In addition to being Jennette's death assistant, I am also lucky enough to be her Executrix, which means I will be spending the next few months closing out her bank accounts, credit cards, tax account, etc., etc. Being the little overachiever I am, I have already done most of it. For the last three weeks, I've been schlepping J around in my backpack, which is full of death certificates, hers and Rogers, as well as form letters for all the thieves who come calling, literally on death's door.
She didn't have much, and the stuff she did have has already been dispersed to various friends in thanks for their efforts at keeping up her spirits whilst the cancer ripped through her throat.
I have what's left of her life now, in my office and living room. There are lots of pictures of people I don't know, and a box of receipts I will now comb through to see if I can get her an income tax refund for all the money she paid out over the last few months. Dying, I have learned, is a pretty expensive endeavour.

What's left of her estate comes to me as I am her sole survivor. I am somewhat elated to know that I will see little cheques come in, every now and again, for the rest of the year. I will give thanks for everyone of them.
I'm not rich and I haven't been able to work much over these last few months, so selling off Jennette's shit has become a necessity. Today, I scored a hundred bucks for her phone. The other day, another good friend took one of her tables. That paid for groceries.
Scott got the biggest gift, J's Chevy Cruze, which we traded in with our old car for a late model Subaru. He's over the moon, of course, because he used to sell Foresters and now he can finally afford one. The thing has Eyesight, apparently. And good snow tires, and a sunroof which he assures me offers UV protection. In my own defence, as a former sun worshipper and skin cancer-survivor, I will now wear a hat in the car. And there's a dog cage in the car to keep Finnigan from eating the seats and Sophie from soiling the off-white upholstery, so that's something, I guess.
I hope we get good use out of the dog barrier. But I'm wary, I think getting a dog barrier might be a bad idea, like all those times I got new business cards, only to discover I'd been sacked a few days later by one soulless boss or another.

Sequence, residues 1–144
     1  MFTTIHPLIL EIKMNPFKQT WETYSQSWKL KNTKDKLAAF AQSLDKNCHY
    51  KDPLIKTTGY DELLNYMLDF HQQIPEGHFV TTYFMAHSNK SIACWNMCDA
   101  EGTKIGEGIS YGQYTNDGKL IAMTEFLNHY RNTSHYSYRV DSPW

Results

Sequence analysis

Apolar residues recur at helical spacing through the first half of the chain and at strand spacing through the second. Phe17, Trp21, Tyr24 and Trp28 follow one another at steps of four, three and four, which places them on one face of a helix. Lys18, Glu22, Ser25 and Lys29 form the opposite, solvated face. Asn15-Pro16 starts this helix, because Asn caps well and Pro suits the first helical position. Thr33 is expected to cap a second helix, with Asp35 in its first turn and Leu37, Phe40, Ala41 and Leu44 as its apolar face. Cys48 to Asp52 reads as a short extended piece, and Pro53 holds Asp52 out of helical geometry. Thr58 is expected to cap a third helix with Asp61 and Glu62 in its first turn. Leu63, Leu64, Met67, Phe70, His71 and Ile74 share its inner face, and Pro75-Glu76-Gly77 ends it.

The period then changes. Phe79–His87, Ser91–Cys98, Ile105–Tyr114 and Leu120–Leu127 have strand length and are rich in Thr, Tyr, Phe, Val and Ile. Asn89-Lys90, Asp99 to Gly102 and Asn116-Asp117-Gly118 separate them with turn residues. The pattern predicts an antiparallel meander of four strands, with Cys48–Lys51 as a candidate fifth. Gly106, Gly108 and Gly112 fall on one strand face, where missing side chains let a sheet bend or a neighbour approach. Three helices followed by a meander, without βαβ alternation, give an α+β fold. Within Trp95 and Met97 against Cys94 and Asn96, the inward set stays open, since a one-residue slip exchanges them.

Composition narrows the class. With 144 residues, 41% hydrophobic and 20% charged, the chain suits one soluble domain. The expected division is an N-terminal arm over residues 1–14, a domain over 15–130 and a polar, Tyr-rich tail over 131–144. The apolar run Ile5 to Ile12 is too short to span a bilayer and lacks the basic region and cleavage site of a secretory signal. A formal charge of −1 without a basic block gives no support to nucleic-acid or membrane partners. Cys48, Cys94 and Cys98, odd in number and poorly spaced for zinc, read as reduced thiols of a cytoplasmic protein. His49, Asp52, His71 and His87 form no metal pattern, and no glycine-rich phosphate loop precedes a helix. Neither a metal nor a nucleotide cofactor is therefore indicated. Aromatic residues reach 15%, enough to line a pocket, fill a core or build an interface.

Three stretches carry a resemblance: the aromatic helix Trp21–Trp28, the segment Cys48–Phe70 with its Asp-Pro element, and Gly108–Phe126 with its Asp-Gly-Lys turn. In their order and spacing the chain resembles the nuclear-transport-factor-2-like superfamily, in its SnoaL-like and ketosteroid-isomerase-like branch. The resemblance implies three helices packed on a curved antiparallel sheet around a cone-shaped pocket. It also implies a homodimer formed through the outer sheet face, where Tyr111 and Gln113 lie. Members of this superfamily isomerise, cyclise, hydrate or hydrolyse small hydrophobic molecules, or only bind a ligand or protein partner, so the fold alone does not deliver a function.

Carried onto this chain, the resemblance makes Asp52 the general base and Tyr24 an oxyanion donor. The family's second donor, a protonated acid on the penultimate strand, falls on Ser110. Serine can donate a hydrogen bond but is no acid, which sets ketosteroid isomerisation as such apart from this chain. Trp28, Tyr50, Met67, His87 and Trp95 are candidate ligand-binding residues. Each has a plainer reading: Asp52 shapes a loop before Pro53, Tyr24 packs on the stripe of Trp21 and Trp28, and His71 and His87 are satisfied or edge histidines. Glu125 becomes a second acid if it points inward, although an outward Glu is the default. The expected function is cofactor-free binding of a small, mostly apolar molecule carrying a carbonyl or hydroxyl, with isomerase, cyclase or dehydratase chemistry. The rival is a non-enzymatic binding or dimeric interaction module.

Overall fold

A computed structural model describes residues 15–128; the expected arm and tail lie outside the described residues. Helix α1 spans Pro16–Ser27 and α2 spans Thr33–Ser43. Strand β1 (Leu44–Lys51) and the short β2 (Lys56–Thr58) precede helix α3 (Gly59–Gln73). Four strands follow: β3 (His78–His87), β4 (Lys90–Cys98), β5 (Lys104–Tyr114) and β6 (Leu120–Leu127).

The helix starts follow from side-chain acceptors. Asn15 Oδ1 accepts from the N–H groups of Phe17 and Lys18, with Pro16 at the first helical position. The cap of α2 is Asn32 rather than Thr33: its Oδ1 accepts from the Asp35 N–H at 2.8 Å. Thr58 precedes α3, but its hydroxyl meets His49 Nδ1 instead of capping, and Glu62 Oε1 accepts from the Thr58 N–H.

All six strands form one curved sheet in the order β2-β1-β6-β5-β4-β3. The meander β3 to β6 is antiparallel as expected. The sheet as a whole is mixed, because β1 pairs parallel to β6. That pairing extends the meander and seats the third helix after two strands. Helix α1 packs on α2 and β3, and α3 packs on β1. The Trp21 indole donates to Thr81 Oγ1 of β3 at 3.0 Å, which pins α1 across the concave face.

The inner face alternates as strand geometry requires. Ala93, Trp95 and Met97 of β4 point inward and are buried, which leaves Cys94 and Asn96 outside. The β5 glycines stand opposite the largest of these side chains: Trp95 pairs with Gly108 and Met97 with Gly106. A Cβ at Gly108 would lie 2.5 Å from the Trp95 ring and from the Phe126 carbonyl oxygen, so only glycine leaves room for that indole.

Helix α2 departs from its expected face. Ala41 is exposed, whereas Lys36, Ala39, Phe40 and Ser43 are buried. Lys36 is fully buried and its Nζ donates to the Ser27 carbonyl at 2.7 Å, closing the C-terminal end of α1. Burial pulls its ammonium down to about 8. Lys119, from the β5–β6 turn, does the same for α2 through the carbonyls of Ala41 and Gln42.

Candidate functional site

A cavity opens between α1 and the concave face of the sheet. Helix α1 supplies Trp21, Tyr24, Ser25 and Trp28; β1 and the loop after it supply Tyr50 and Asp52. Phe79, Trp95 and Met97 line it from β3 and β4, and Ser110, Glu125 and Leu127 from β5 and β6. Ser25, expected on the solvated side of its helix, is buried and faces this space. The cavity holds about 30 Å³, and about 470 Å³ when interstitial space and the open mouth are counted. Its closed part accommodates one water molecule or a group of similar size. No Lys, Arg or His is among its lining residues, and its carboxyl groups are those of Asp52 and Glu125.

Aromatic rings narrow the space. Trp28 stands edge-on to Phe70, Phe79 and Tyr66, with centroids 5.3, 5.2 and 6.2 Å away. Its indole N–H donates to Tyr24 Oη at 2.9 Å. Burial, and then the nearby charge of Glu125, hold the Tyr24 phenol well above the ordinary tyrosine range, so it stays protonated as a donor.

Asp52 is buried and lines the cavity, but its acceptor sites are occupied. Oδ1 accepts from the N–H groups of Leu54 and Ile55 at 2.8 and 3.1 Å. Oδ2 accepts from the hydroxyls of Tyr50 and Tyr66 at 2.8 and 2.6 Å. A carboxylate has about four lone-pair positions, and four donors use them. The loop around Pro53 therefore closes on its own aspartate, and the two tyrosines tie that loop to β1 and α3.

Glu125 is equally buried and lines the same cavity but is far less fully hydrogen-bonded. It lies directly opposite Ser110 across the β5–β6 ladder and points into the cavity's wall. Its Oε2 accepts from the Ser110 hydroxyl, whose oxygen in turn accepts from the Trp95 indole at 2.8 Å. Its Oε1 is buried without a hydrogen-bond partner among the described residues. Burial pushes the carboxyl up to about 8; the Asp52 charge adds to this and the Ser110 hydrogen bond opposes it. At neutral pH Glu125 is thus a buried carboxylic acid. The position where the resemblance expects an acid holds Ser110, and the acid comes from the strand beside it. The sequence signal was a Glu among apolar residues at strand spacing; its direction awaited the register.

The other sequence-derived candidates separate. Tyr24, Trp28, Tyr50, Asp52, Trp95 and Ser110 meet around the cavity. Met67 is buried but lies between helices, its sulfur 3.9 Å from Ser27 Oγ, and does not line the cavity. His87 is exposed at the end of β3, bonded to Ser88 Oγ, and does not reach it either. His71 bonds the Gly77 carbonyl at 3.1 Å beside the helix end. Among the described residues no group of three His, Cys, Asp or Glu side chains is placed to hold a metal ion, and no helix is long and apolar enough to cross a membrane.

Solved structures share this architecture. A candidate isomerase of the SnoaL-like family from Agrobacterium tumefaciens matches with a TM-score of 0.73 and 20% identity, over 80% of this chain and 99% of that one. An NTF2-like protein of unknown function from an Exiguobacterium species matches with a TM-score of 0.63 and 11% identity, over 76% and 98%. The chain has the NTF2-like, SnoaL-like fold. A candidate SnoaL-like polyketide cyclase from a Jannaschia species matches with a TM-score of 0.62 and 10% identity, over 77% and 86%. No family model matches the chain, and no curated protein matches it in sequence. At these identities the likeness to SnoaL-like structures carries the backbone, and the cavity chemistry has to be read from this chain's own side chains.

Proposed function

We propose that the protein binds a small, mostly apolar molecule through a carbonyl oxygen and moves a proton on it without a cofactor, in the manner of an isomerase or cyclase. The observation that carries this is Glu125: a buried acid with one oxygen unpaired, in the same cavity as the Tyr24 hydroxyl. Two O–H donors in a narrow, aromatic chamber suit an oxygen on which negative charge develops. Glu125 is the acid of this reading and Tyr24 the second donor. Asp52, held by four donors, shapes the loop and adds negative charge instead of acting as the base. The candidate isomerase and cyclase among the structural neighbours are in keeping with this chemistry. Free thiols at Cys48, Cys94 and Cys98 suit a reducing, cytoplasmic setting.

We took Finnigan to the vet on Friday because he's started having seizures. We were told that he can no longer be around the grandkids because of his condition, which sometimes leaves him snarling in pools of foam. So Finnie will be in the basement everyday when Squishy comes to call. Otherwise, he'll be accompanying Jennette over the Rainbow Bridge.
He doesn't know the difference. He just wakes up from his trance and licks my hand.
As for me, I will be sleeping with my tennis racquet.

I'm feeling numb, to tell you the truth.
I feel like the last person left on a desert island who doesn't win a million dollars, but instead will eventually be eaten by pygmies.
Given my current state of pudginess, the whole tribe will be able to eat for a week.
I looked at some photos taken by a friend and realized that for every pound J lost, I gained two.
As I write this, there is a brand new rowing machine in the basement waiting for my lard ass to get aboard. Yet here I sit, spreading cheek all over the now incredibly uncomfortable faux letter chair.
I'll get to it, I will.
But for now, I'm content to play video games and drink weird concoctions from David's Teas. Sometimes, the tea is so bad I think it might come from funeral home leavings.

If I'm to be perfectly honest, I still feel Jennette with me. She's over there in the liquor cabinet, there, in that vodka bottle which literally has her name on it. It came home from the hospice undrunk along with the ones she kept hidden in her closet. I take a sip once in a while, but even then, that bottle will probably be with me til the summer.
I still have her mom's extensive collection of costume jewelry. I wore some yesterday. So did Marissa. And I gave the earrings I wore to Gessie. Eventually, most of it will be given away by me to deserving people. The rest, Squishy can wear during her dressup time.

The good news is that the rituals of death are finally coming to an end.
Yesterday, I proudly wrestled some money out of her brother's pocket to pay her final expenses.
On Thursday, we will be tossing her lovely humming bird urn in beside Roger, where they can once again solve the problems of the world late into the night.
Except without the smokes, or the cocktails.
Question: Are there cocktails in heaven?
I hope so.
Otherwise, when I die I'll be forced to become a Republican.

After the internment, I'm going to the doctor to get my blood pressure issues resolved. Then, I hope fall into my first good night's sleep in months and months.
Realistically, that is never going to happen.
Not now that I've got Cujo sleeping beside me.

And I continue to be haunted by that backpack.
It sits here, getting ready to grow teeth, like a Chucky doll waiting to eat me up and spit me out.
Maybe if I mutter some sort of mantra three times, the bloody thing will disappear.